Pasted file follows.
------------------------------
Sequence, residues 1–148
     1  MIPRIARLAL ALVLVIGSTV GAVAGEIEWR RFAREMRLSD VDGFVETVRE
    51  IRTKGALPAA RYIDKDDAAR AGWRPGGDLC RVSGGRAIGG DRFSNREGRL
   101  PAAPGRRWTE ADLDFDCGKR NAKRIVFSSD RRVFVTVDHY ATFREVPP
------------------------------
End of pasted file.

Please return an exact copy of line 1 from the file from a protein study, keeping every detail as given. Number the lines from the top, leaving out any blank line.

Sequence, residues 1–148